The importance of cancer screening for culturally and linguistically diverse (CALD) communities is the key focus of this year’s Multicultural Health Week.
Health Minister Brad Hazzard launched an awareness campaign, ‘Cancer screening saves lives’, aimed at increasing screening rates among CALD communities of breast, cervical and bowel cancer.
“The NSW Government is committed to continuing to improve cancer outcomes, and in April released the fifth NSW Cancer Plan, which has an increased focus on improving equity for CALD and other priority populations,” Hazzard said.
“Screening for cancer and catching it early is the best chance of survival and I encourage everyone who is eligible, particularly those in CALD communities, to get screened. The tests are free, easy to access and save lives.
“In 2022-23 the NSW Government will provide about $175 million through the Cancer Institute NSW to reduce the impact of cancer and improve outcomes for patients.”
The NSW Multicultural Health Communication Service, in partnership with the Cancer Institute NSW, has produced new in-language resources about cancer screening to encourage more people to screen for cancers.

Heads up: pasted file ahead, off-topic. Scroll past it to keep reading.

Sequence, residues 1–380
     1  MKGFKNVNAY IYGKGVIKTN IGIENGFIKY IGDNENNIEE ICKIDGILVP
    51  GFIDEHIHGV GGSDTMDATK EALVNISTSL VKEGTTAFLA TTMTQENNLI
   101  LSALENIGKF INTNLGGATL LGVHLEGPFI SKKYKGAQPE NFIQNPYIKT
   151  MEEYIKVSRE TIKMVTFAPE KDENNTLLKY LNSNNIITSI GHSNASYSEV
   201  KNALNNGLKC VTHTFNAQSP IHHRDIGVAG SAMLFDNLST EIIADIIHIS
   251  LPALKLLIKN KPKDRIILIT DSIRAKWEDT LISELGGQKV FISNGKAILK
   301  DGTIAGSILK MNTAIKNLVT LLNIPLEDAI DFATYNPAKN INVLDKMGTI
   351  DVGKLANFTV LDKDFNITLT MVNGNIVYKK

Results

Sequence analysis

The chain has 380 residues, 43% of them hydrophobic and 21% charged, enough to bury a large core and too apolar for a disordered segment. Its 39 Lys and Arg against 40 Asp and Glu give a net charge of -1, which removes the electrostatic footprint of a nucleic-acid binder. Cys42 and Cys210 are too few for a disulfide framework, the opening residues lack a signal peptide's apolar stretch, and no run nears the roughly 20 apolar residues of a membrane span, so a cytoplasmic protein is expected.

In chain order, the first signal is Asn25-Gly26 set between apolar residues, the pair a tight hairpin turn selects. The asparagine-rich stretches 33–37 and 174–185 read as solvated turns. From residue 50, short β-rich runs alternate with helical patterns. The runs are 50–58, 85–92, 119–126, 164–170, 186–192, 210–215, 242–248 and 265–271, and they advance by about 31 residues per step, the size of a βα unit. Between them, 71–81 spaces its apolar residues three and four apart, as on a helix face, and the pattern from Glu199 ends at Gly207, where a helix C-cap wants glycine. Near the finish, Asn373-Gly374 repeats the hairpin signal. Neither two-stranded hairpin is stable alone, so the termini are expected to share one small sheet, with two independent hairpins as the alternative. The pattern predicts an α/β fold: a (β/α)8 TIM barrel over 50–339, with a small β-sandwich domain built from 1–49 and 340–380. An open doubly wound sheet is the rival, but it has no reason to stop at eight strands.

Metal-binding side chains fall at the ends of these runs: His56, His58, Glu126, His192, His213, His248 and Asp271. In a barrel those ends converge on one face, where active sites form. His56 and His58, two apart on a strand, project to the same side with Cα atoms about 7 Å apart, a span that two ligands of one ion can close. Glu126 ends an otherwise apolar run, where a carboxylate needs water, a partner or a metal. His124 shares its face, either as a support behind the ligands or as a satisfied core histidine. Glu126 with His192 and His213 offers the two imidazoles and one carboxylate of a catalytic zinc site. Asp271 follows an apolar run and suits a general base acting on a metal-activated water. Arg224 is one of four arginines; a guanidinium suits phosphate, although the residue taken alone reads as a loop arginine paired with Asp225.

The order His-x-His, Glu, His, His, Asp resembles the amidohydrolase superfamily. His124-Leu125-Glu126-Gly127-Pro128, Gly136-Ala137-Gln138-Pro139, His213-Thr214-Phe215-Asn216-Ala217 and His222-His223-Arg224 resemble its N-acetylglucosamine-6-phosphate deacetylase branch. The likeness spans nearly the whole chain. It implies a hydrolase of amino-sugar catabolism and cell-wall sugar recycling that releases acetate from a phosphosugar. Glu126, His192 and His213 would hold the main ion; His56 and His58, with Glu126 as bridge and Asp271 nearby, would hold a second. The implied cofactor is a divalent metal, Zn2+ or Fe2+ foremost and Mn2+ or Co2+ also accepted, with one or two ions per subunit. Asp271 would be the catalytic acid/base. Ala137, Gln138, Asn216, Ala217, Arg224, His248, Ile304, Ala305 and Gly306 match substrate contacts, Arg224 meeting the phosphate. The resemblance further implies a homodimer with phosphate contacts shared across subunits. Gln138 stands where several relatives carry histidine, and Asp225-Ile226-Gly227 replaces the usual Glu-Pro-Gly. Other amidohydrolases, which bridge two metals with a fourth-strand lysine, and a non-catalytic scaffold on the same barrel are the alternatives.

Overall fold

Professor Tracey O’Brien, Chief Cancer Officer NSW and CEO of the Cancer Institute NSW said that it was important to address the barriers that are preventing people from CALD communities from screening for cancers.
“We know that there are specific barriers for CALD communities participating in screening. These include low awareness, language barriers, differing beliefs around cancer and stigma associated with cancer,” Professor O’Brien said.
“We are really proud to partner with NSW Multicultural Health Communication Service, with the support of SBS and multicultural media, together with community groups, to start to break down these barriers and improve cancer outcomes for CALD communities.”
Lisa Woodland, Director of the NSW Multicultural Health Communication Service, said that significant effort has been invested in making cancer information available in multiple languages with support from Cancer Institute NSW.
“This process included extensive testing with key stakeholders, and health literacy principles were incorporated throughout the development and translation phases,” Woodland said.
This year, to also encourage participation in screening programs, the Multicultural Health Week 2022 Community Grants Program provided small grants of $1,500 to 21 organisations (local health districts, non-government and community organisations) to support community engagement and educational activities in multiple languages in local and regional areas.
A series of multilingual cancer screening resources were launched for Multicultural for Health Week 2022, including:
These multilingual resources are available to download for free at multiculturalhealthweek.com.
Content from NSW Health media release. Note: Content has been edited for style and length.